We checked out a panel discussion at the recent Re:co Symposium discussing the crucial importance of the coffee narrative in the supply chain.
BY DEREK ROBINSON
SPECIAL TO BARISTA MAGAZINE ONLINE
On July 16-17, the Re:co Symposium (Regarding: Coffee) brought together some of the finest minds and experts in the coffee industry. One panel titled “Pathways Between Farm and Consumer: Mapping Specialty Coffee” featured Kim Elena Ionescu, Rene Leon Gomez, Kyle Murphy, Rocco Macchiavelo, and Michelle Bhattacharyya, who were tasked to develop the significance and impact of communication in the coffee supply chain. Below is a brief summary and some highlights from each panelist.
KIM ELENA IONESCU—Coffee Mapping and the Supply Chain
Kim is the chief sustainability and knowledge development officer for the Specialty Coffee Association (SCA).
The afternoon began with Kim setting the foundation with a basic understanding of coffee mapping: Farming – Processing – Exporting – Importing – Roasting – Brewing. This basic model is helpful, but lacks the complexities of the interconnectedness from “stage” to “stage.”
Coffee mapping the intricate relationships made Kim ask, “Why does the system work the way that it does? And why doesn’t it work for everyone?” Her goal is to find better solutions for the entire supply chain. “Specialty coffee must address the unequal distribution of value across coffee supply chains and within companies,” she concluded.
RENE LEON GOMEZ—Coffee Producer Sustainability in Mesoamerica
Rene is currently executive secretary of PROMECAFE.
Rene invited listeners to consider, “What do we want the stories behind our cups of coffee to be like?” Many consumers do not connect with roasters, exporters, processors, or farmers within the coffee industry. The amount of moving parts that go into each individual cup of coffee is astonishing when analyzed. These parts tell an amazing story, even if some people do not realize what goes into the product they enjoy.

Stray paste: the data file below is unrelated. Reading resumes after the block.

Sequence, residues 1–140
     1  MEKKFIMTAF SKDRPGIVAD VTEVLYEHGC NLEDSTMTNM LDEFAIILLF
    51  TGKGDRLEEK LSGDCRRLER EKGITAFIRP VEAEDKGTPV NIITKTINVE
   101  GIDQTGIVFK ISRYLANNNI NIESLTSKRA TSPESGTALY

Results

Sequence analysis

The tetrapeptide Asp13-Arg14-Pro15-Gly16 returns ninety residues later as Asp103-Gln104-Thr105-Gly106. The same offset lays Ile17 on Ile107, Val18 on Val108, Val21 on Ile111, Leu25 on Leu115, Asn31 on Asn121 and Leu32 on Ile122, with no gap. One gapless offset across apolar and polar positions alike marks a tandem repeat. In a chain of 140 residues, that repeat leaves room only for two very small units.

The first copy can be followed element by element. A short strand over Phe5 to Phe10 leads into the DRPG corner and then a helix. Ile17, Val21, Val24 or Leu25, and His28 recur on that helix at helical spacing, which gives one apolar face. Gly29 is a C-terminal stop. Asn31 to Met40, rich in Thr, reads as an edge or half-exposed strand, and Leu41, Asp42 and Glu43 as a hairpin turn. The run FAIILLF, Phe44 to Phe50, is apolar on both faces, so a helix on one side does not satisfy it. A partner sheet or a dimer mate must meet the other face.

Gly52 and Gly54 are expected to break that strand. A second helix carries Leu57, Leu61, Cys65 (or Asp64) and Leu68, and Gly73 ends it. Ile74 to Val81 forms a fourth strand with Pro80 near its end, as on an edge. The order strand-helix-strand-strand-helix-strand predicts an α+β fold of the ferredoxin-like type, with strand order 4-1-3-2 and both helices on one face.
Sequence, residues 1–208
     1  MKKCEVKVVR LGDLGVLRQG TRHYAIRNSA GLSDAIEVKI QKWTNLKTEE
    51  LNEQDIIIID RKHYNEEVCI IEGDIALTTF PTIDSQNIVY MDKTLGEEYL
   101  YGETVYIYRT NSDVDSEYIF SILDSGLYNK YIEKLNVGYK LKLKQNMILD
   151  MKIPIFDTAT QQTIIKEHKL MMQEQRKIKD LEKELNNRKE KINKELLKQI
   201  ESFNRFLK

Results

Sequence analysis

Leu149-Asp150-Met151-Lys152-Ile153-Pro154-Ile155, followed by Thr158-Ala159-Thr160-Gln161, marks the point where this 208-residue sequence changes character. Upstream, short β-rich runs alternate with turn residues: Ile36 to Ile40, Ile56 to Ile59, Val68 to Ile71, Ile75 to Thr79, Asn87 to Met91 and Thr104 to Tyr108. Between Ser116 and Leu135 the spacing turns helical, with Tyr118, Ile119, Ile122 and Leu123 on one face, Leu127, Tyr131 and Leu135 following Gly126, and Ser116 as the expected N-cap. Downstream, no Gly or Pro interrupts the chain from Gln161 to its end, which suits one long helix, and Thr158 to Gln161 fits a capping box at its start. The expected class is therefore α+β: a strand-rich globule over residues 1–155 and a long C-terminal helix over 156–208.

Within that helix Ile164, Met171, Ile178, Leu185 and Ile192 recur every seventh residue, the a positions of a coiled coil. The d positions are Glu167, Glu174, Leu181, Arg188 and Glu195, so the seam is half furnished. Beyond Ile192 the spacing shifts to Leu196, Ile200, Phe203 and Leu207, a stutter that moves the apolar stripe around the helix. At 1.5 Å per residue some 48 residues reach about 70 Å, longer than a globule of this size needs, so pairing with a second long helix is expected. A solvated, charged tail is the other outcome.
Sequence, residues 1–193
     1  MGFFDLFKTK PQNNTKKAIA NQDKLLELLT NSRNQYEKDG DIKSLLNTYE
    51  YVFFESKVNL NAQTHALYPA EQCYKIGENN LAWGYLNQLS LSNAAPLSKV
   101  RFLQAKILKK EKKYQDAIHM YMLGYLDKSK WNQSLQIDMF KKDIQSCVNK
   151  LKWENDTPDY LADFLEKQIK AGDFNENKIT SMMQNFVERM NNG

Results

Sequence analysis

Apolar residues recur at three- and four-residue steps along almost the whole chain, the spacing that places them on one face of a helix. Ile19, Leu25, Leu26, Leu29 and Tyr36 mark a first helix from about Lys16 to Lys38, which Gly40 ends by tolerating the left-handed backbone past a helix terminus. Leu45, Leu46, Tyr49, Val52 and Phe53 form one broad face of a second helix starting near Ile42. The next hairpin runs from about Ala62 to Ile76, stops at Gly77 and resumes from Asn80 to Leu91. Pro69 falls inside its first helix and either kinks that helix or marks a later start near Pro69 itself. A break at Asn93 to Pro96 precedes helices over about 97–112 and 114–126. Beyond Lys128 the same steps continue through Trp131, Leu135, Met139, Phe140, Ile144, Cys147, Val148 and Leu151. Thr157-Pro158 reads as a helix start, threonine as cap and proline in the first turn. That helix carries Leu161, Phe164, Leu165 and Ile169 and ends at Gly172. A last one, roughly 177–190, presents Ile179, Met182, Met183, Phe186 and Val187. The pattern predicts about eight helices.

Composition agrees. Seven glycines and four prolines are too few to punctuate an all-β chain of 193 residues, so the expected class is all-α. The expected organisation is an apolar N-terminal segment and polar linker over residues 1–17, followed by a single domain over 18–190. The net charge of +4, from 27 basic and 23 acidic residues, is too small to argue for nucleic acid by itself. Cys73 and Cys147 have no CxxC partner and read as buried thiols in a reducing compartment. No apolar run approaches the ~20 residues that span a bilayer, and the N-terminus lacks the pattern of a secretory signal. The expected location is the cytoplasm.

Rene said he wants the entire supply chain to focus on the collaborative element of the coffee industry. This encompasses two primary goals:
- Strengthening the coffee value chain
- Proactively responding to the coffee price crisis with resilience
To achieve these, he reiterated that an open line of communication must be established throughout the supply chain. “Achieving sustainability requires an agreement between every person that participates in the coffee value chain,” Rene affirmed. Ensuring mutual beneficial support among the chain is critical to sustaining future quality and affordable coffee.
KYLE MURPHY/ROCCO MACCHIAVELO—Technological Social Impacts and Connectivity
Kyle is a senior policy manager at the Abdul Latif Jameel Poverty Action Lab (J-PAL).
Rocco is an associate professor in management at the London School of Economics.
Both Kyle and Rocco revealed the direct link data and statistics to make informed decisions regarding the coffee supply chain. Analyzing factual and counter-factual impacts with data help make the supply chain efficient. Kyle said, “With specialty coffee in particular there’s great potential for connecting farmers to broader markets and increasing incomes through coffee.”